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Internet of things
#1
Planning on anything to support this. Looks like a great way of expanding CQC.
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#2
What is Internet of thing?
tia, Ron

My Mexico Retirement HT...
Yamaha CX-A5100, (2) MiniDSP DDRC-88M, (4) JBL 8340As, (4) JBL 8320s), PS3, Intel NUCs, (2) Furman rack conditioners, Panamorph UH-480 anamorphic lens, Oppo 203, DIY B&O 14 channel amp, Pro-Ject RPM Turntable. In progress, DIY audio rack, and Synergy horns.
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#3
As far as I am concerned OIT is really what we are doing right now.

IOT devices have a connection that allows the device to be part of a smart home. Not sure if there is a single standard yet - I dont think there is. THere are a few that seem to be popular and the hubs that are becoming available are bridging between these standards.

CQC can easily be the centre of the IOT universe and certainly that is my plan.

The best part about IOT is that is is bringing attention to HA and manufactures are now looking to enable their products. Would love to get a fridge, washer, dryer and many other devices onto my HA system without the need to hack them to give them that ability.
Mykel Koblenz
Illawarra Smart Home
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#4
Exactly. I think we need to determine whether driver standards exist. It would be terrific for CQC!
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#5
I dunno how it will work out. A lot of that stuff will likely still just be islands until themselves, and/or oriented towards very simplistic control, probably all too often cloud based, and I'm betting all too often not nearly secure as they should be.

In a lot of ways, like 'thugh cloud', it's just a buzz word for something that already existed but just didn't have a buzz word yet.
Dean Roddey
Software Geek Extraordinaire
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#6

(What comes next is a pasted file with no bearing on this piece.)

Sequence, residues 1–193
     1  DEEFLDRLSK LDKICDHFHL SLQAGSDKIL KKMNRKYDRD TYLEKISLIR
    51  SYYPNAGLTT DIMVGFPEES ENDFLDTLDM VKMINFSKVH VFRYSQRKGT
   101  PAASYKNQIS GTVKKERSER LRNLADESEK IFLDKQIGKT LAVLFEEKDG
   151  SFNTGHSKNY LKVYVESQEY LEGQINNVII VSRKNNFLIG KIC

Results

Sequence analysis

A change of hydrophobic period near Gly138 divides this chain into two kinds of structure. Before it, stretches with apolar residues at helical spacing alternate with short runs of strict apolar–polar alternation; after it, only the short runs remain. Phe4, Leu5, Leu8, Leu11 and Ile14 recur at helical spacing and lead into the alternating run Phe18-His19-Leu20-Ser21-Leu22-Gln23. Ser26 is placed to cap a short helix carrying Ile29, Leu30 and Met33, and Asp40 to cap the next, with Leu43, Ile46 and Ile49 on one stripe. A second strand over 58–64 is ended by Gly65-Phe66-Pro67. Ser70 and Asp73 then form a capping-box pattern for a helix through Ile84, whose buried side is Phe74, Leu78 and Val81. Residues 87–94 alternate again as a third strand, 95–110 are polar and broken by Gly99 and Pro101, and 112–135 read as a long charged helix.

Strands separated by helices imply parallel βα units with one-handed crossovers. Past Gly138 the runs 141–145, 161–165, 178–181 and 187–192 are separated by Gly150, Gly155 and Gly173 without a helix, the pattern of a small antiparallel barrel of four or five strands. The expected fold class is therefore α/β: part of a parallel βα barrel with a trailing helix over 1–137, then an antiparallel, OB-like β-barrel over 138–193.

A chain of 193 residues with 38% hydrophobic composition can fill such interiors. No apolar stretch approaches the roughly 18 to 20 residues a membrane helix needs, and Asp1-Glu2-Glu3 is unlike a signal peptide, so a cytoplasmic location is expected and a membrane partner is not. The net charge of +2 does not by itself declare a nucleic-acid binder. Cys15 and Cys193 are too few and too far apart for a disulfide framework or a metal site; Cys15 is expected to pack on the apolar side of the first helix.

theres nothing to support with "IoT," and im pretty sure thats the point -

I think a good example of this is Works with Nest, or the Wink App (not Hub). None of these devices require any sort of dedicated hub, they simply speak to each other over open APIs. If my read of the landscape is right, Apple's Homekit is also another example.

So like this -- Nest (HVAC), Hue (Lights), August (Locks), Dropcam (Cam), Automatic (Location), Harmony Hub (AV). All are independent devices, with independent 'clouds', yet they all speak to each other via those open APIs. So when you leave the house, your phone locks the door which tells Nest you're away, which in turn tells Hue to turn off your lights, and then Harmony to turn off AV devices. When you get home, Automatic tells Nest that you've arrived, has August unlock your front door, Hue turn on your lights, and Harmony start some music. Similarly, if Dropcam doesn't detect motion (maybe a walk around the block), it can tell Nest to go into 'away' mode, and Harmony to turn off AV devices.

Hell, there is now a 'connected' smart plug called Zuli that can integrate like this, and the Hue integration with Nest will even 'mimic' your habits when away so your home never looks empty. The new Insteon Hub Pro will also support both 'Works with Nest' and 'Homekit'.

No hub required. Smile

I think there is still a place for hubs/CQC for advanced logic, but it's gonna get super tough competing against what are basically free connected services. It's gonna be a whole new world!
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#7
I think there is still some sort of hub or multiple hubs in the cloud they may not be obvious or explicit but you need a place to put your rules. You don't go into your Nest thermostat and say turn on my lights whenever x happens. Some devices are your controllers (i.e. Harmony) or there is a website somewhere to do the programming whether that is IFTT or a Google Page for Nest. That is the equivalent of CQC.